For a contract to build a new home to be eligible, it must be a comprehensive home building contract. That is, a builder undertakes to build a home from the start of the building work (laying of foundations) to the point where the home is ready for occupation (final inspection certificate issued).
Karim purchased a vacant block of land from a developer and entered into a building contract with the developer’s selected builder. Karim selected his house design and other specifications himself when entering into the contract. As long as Karim is the registered owner of the land prior to completion of the home, the home may be eligible as a contract to build transaction.
Jessica and Amina entered into a home building contract with a licensed builder. The contract excluded benchtops in the kitchen—these were being installed by a third party external to the contract. Because benchtops are required for the home to be certified as a liveable dwelling, the home is not a comprehensive home building contract.
If Jessica and Amina met the other eligibility criteria, the home may be eligible as an owner–builder transaction.
Kara bought vacant land in January 2020, with the intention of building her first home.
On 29 November 2023, Kara finally signed a comprehensive building contract.
If Kara meets the other eligibility criteria, she may be eligible for the $30,000 grant.
Tim purchased a vacant block of land in October 2017 for $350,000. Since Tim purchased the land, he has made some improvements such as building a shed, installing water tanks and improving the fence surrounding the property.
In November 2021, Tim entered into a contract to build his first home for a consideration of $345,000. By that time, the unencumbered value of the land had increased to $475,000 as a result of the rising land value and the improvements made to the land.
To be eligible for the grant, the value of the new home (i.e. the consideration for the building contract and the unencumbered value of the land as at the contract date) must be less than $750,000. In this example, the house is not eligible because the total transaction value is $820,000 ($345,000 + $475,000).
Building on a relative’s land
You may be eligible for a grant if you build a detached dwelling on a relative’s land.
- A detached dwelling may include a granny flat or tiny home.
- A relative can be a parent, grandparent, child, stepchild or sibling of an applicant, or the spouse of any of these.
The total value of the transaction must be less than $750,000.
You’ll need to provide the following documents with your application:
- building contract, signed and dated by the builder and applicants (including any special conditions, annexures or any variations to the contract)
- statutory declaration from the related person giving authorisation to build on their land, or a copy of a written agreement
- final inspection certificate issued by your local council or private building certifier
- valuation of the part of the land on which you have the right to build your detached dwelling. This can be provided by a registered valuer or real estate agent.
Abby and Sam have a contract to build a granny flat on Abby’s parent’s land. The final building cost of the granny flat is $115,000. The value of part of the land on which they have the right to build is $210,000.
The total value of the home and land is $325,000.
When applying for the grant, Abby and Sam include the following documents:
- a copy of the contract to build
- a statutory declaration from Abby’s parents giving their authorisation to build on their land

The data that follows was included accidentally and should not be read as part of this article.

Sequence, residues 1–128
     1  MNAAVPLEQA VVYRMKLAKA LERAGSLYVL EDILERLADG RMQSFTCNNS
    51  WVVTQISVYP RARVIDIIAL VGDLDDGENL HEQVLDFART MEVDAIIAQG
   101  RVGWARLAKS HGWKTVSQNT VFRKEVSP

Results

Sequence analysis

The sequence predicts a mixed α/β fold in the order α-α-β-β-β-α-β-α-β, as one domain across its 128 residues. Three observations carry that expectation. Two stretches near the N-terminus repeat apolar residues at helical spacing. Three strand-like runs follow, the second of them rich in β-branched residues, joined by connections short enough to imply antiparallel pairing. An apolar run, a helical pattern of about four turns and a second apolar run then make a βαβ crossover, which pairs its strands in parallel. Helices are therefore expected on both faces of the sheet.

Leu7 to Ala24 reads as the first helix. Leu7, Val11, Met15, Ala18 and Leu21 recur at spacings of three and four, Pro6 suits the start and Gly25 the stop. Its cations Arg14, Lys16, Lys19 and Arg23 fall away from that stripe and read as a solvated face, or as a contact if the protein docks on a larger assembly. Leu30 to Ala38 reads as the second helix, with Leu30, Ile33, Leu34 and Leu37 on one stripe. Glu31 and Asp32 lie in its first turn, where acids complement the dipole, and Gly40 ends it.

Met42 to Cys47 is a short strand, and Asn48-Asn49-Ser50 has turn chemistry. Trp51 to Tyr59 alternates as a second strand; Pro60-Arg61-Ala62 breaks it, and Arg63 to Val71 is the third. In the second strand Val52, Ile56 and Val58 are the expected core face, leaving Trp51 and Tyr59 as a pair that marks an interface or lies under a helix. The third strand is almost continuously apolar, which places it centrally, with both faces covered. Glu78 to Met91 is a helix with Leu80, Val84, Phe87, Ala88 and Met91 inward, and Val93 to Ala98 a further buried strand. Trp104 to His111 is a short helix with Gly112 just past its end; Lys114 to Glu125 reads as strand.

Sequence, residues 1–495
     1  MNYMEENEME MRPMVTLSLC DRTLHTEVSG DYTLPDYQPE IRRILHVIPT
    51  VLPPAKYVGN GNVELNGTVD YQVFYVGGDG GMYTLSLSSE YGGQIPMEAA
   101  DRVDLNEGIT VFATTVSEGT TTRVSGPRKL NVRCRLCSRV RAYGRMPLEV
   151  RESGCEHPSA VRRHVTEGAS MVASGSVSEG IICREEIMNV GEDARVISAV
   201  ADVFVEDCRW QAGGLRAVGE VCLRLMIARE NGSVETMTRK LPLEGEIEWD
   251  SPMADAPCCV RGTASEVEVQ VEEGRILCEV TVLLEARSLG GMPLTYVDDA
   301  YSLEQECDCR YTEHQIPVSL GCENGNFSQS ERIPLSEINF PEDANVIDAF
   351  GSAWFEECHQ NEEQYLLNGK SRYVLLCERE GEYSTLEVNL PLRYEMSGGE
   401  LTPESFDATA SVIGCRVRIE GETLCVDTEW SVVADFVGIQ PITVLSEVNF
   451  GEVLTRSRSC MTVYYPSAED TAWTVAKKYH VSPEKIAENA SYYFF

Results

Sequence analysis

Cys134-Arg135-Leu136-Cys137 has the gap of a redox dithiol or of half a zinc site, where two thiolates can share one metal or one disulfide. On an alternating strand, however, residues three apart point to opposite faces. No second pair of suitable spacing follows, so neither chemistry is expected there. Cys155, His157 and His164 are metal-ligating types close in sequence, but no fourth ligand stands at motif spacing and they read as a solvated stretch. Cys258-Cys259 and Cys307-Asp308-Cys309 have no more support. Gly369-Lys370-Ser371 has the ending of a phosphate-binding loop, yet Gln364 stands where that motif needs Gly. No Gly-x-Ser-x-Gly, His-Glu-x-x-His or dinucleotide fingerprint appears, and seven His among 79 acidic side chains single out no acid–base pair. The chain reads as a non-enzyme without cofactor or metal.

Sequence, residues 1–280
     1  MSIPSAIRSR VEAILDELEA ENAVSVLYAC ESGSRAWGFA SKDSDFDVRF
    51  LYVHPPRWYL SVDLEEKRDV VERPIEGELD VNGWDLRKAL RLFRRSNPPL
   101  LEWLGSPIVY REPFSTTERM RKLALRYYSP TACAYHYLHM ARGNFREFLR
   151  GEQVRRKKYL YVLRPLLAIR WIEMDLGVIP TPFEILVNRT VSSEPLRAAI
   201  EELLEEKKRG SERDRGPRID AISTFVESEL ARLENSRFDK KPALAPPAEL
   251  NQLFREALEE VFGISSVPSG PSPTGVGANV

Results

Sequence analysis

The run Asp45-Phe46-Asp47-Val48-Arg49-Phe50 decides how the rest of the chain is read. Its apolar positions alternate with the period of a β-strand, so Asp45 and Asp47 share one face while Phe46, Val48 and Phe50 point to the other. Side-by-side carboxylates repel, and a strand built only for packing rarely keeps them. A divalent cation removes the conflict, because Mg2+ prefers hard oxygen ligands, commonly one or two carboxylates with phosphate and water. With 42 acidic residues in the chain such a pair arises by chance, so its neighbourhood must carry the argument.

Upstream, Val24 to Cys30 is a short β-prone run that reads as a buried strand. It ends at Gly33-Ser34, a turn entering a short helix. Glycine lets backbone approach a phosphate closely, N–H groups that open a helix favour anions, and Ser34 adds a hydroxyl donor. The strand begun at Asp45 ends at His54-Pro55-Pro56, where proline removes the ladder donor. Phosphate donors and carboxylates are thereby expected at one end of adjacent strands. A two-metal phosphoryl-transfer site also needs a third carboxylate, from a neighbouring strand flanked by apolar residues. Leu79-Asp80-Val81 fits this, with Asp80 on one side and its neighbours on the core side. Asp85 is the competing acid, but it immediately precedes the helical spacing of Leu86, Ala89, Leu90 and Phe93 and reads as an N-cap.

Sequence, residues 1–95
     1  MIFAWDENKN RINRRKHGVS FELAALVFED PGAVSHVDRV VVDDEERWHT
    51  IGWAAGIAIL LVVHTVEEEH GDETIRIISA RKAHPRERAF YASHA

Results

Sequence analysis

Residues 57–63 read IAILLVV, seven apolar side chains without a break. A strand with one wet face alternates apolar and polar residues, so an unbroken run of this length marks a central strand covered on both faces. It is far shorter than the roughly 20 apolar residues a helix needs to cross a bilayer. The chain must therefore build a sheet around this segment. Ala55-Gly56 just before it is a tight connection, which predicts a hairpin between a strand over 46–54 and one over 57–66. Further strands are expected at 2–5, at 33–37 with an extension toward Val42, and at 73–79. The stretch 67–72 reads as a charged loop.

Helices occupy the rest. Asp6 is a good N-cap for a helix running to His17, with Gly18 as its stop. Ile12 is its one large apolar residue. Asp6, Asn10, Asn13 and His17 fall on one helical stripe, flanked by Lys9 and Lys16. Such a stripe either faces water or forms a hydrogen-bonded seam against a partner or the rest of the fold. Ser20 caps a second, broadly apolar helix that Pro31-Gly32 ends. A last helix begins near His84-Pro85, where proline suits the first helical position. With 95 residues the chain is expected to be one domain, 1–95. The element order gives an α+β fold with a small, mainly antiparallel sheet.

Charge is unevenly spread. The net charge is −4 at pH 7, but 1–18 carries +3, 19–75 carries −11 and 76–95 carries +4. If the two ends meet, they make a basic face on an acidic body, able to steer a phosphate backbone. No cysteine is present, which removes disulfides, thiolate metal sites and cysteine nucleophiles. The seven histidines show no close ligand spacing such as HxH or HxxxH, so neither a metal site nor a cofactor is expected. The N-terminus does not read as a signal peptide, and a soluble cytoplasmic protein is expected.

- a valuation showing the value of the part of Abby’s parents land on which they have the right to build.
The title of the whole land remains with Abby’s parents.
If Abby and Sam meet the other eligibility criteria, the home may be eligible for the grant.
You are an owner–builder if you build a home—or have a home built—on land you own without entering into a comprehensive home building contract.
You may do one of the following:
- undertake the responsibility of building your own home from start to finish as an owner–builder
- have a building contract with one or more builders where one builder is not solely responsible for the home from start to finish.
The home must be a qualifying residence (i.e. a class 1a dwelling as defined by the Australian Building Codes Board) and have a final inspection certificate. Depending on the commencement date of the build, you may be eligible for a previous grant amount.
Tareq entered into a contract to build a new house on a vacant block of land. He is a registered electrician and decided to exclude all electricity from his building contract to perform the work himself. In order for a home to be ready for occupation, the electricity must be complete before certification. The house may be eligible because essential work was excluded from the contract.
Melissa bought a relocatable house from a business specialising in restored Queenslanders. The business moved the house to the vacant land that Melissa had bought the previous month. They installed the home, but Melissa connected the home to the services. Because Melissa performed the connections herself, the house may be eligible.
Matias is a registered owner–builder and is building his new home on vacant land. He bought the land in 2013 for $250,000 but did not start on his home until 2019. By that time, the land value had increased to $410,000. When the new home was completed in 2021, the total cost of construction was $370,000. To be eligible for the grant, the value of the new home including the land must be less than $750,000. For owner–builders, the total value is the cost to construct the home and the value of the land at the time foundations are laid. In this example, the house is not eligible because the total transaction value is $780,000 ($410,000 + $370,000).
- See the public ruling on the increase to the first home owner grant amount (FHOGA000.2).
- Register for a free webinar on building your first home, run by the Queensland Building and Construction Commission (QBCC).